A key risk factor to young peoples' mental health and wellbeing is having a parent with a mental illness and/or substance use problem (1). The mechanisms underlying this association are accumulative and involve interactions between genetic, individual, parent, familial, environmental, and societal factors (1). Parental mental illness or substance use problems have been associated with various adverse outcomes for young people, including the development of their own mental illness or substance use problem, academic failure, high incarceration rates, and stress-related somatic health conditions such as asthma (2–5). These adverse impacts may be maintained into adulthood. The transition period from adolescence to adulthood is a critical time to intervene and attempt to reduce the onset of mental health problems (6). Given that 21–23% of children grow up with at least one parent with a mental illness (7) and 11.9% of children live with at least one parent who was dependent on or abused alcohol or an illicit drug (8), it is imperative that efforts are made to reduce the risk of intergenerational mental illness and substance misuse.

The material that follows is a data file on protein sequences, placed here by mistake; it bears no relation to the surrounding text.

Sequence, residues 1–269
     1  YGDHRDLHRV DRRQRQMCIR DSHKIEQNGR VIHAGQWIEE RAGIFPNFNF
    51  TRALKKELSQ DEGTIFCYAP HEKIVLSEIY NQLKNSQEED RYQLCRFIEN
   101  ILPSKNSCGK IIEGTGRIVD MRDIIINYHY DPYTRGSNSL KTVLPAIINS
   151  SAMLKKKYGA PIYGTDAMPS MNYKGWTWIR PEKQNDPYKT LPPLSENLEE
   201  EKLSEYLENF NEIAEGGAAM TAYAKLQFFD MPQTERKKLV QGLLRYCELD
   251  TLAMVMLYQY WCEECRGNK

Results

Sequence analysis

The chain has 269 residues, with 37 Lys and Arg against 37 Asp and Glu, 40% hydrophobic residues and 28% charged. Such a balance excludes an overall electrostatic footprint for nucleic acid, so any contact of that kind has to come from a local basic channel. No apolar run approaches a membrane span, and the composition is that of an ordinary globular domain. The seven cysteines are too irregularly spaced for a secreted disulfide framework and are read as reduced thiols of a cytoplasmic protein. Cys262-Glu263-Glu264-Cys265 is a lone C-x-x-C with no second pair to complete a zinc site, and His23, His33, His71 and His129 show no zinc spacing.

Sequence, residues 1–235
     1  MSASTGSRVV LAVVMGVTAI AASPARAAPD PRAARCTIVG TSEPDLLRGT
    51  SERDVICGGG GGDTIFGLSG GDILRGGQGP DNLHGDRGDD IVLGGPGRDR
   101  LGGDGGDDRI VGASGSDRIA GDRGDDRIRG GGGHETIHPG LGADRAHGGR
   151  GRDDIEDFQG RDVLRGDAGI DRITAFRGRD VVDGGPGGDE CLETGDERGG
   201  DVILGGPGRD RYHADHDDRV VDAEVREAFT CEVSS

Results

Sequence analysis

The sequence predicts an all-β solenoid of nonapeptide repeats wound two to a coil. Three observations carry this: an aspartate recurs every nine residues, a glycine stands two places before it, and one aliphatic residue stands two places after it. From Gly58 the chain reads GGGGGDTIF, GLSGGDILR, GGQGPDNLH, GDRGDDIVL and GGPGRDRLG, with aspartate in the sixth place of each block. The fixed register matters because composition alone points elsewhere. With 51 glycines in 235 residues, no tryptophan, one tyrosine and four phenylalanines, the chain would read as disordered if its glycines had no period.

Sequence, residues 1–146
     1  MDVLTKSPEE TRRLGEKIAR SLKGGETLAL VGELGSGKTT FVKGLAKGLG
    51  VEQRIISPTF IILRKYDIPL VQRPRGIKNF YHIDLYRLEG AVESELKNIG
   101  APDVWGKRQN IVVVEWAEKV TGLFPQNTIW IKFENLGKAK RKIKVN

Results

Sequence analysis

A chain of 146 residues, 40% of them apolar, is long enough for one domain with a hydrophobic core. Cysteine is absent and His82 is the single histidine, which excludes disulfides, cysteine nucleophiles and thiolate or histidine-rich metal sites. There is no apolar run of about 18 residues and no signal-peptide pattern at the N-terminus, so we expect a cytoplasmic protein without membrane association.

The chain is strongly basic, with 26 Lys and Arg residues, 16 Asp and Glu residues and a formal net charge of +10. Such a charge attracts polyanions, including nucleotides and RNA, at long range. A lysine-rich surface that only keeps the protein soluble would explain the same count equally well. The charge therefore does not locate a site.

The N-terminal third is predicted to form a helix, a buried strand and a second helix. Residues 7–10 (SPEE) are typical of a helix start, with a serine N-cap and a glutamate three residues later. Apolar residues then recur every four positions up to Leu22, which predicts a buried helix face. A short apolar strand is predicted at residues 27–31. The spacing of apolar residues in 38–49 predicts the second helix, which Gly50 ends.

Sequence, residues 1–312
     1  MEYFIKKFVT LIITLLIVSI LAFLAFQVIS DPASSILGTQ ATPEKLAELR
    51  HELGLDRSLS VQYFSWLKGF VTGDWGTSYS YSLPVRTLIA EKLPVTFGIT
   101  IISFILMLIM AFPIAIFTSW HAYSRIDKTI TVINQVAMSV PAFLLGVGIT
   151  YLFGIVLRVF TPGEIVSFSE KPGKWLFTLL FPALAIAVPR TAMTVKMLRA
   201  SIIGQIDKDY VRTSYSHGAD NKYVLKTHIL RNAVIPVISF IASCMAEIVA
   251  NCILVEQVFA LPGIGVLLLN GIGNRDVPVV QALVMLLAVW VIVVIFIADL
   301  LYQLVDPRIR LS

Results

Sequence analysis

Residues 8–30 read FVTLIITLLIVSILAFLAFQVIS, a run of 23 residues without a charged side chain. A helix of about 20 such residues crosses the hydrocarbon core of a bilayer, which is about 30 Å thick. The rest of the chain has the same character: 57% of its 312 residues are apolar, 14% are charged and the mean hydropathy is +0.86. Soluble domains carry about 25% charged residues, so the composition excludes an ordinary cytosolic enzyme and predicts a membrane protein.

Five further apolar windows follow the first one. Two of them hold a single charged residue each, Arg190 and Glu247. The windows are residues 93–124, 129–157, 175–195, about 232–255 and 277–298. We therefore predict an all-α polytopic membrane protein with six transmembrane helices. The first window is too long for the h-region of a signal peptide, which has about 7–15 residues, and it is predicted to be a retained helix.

This article presents the theoretical and empirical basis for an online intervention, mi.spot (mental illness: supportive, preventative, online, targeted) for young adults (aged 18–25 years) whose parents have a mental illness and/or substance use problem. First, the extant literature on the mechanisms by which risk is conferred on these young adults will be reviewed, followed by service gaps and young adults' preferences for support. This literature provides the foundation for a theoretical approach to the development of the online intervention, mi.spot. The approach employed to develop mi.spot is then described, followed by an outline of the intervention. The issues associated with introducing a new intervention such as mi.spot into regular service delivery, and opportunities for future research conclude the paper.